Care of Creation & Climate Change

 “And God saw everything he had made, and behold, it was good.” (Gen. 3:17-19; 4:12)

Pope Francis’ new encyclical, “Laudato Si’: On Care for Our Common Home,” is an unprecedented opportunity to bring together people of faith to address one of the most urgent moral problems of our time: climate change. “Laudato Si'” means “Praised be” and is the repeating line in St. Francis’ famous Canticle of the Creatures.

 

Watch Fr. David McBriar’s appearance on WRAL-TV to discuss the encyclical and St. Francis’ response.

Pope Francis connects the dots in how our faith calls us to protect the earth and to protect human dignity. We must witness to God’s love by caring for people who are poor (many of whom are already experiencing the effects of climate change across the globe) and for unborn future generations.

 

To answer Pope Francis’ call for dialogue and action on climate change, we have a ministry of parishioners who gather on a semi-regular basis for discussion and planned programming to live more deeply the Gospel call to be in harmony with all people and all of creation. We hope to reach many parishioners and bring together the interfaith community to inspire practical lifestyle changes and a unified voice calling for political leadership on this urgent issue.

For more information, please contact Trevor Thompson at
919-847-8205x270 or trevor.thompson@stfrancisraleigh.org


Brief History of Climate Change Activities

Our parish has a long history of activities related to the care of creation. As a Franciscan community, we follow the example of St. Francis, who intuitively recognized the interconnection between people and all of creation.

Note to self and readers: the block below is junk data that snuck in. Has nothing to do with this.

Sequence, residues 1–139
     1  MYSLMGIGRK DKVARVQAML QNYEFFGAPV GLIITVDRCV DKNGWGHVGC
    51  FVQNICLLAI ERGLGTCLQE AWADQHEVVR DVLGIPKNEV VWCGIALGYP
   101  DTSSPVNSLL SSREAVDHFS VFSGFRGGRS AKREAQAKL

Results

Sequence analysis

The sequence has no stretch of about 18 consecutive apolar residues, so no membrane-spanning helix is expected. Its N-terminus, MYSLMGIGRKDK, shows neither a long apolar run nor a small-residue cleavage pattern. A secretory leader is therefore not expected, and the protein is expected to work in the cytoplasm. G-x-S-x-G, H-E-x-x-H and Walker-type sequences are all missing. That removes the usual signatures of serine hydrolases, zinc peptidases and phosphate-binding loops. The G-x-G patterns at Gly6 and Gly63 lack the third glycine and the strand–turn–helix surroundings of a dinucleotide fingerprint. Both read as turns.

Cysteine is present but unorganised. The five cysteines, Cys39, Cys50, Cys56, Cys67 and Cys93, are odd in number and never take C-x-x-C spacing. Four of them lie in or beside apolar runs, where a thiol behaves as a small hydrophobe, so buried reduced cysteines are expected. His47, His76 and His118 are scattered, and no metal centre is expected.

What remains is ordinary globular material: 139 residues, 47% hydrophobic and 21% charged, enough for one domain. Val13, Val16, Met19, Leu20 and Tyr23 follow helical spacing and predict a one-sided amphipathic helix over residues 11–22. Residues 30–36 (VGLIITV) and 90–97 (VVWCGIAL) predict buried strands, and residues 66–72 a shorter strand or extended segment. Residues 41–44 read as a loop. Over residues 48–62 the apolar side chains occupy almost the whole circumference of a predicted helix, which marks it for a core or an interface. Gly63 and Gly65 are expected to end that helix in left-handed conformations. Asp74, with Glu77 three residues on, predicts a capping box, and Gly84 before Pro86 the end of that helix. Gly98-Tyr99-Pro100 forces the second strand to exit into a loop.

February 2011. Three of our newest buildings received Gold Leadership in Energy and Environmental Design (LEED) awards. The buildings are St. Mary of the Angels Chapel, the Community Center, and the St. Francis of Assisi Preschool. A fourth building, the Siena Center for Education and Lifelong Learning, received a silver LEED award.

Spring 2011 to present. We are in the fifth year of growing produce at the organic Franciscan Community Garden that was born in part out of parishioners’ concern about the Gulf Oil Spill and the need to inspire folks to grow more food locally. Last year, the garden contributed more than 1,000 pounds of produce to the Inter-Faith Food Shuttle for distribution to people who are hungry.

February 2012. Our parish was awarded a silver LEED certification by the United States Green Building Council for our commitment to the environment.

June 2012. We collected 114 signatures and delivered them to the governor’s office opposing a rush to approve fracking in North Carolina while many questions remain about its safety and benefits. (Fracking is hydraulic drilling for natural gas in which water and chemicals are injected into wells to fracture rocks).

Summer 2012. 12 people participated in an 8-week study circle on faith and climate change.

Winter 2013. An energy audit showed the parish had made a 20 percent improvement in energy efficiency by replacing some older HVAC units and transitioning to compact fluorescent and LED lighting.

Spring 2013. St. Francis hosted a three-part community conversation on climate change and faith featuring faith leaders, Duke professors in environmental science and politics, and a panel of local leaders on climate issues.

October 2014. Parishioner Sheila Read represented the Catholic voice at a local conference on science, religion and climate change by giving a speech and participating in a panel discussion.

October 2014. We hosted a viewing and discussion of “Chasing Ice,” a National Geographic photographer’s project documenting the rapid melting of glaciers.

April 2015. Our K-8 school, The Franciscan School has celebrated Earth Week for several years. In April, children participated in a day of hands-on exhibits of different ways of caring for the earth.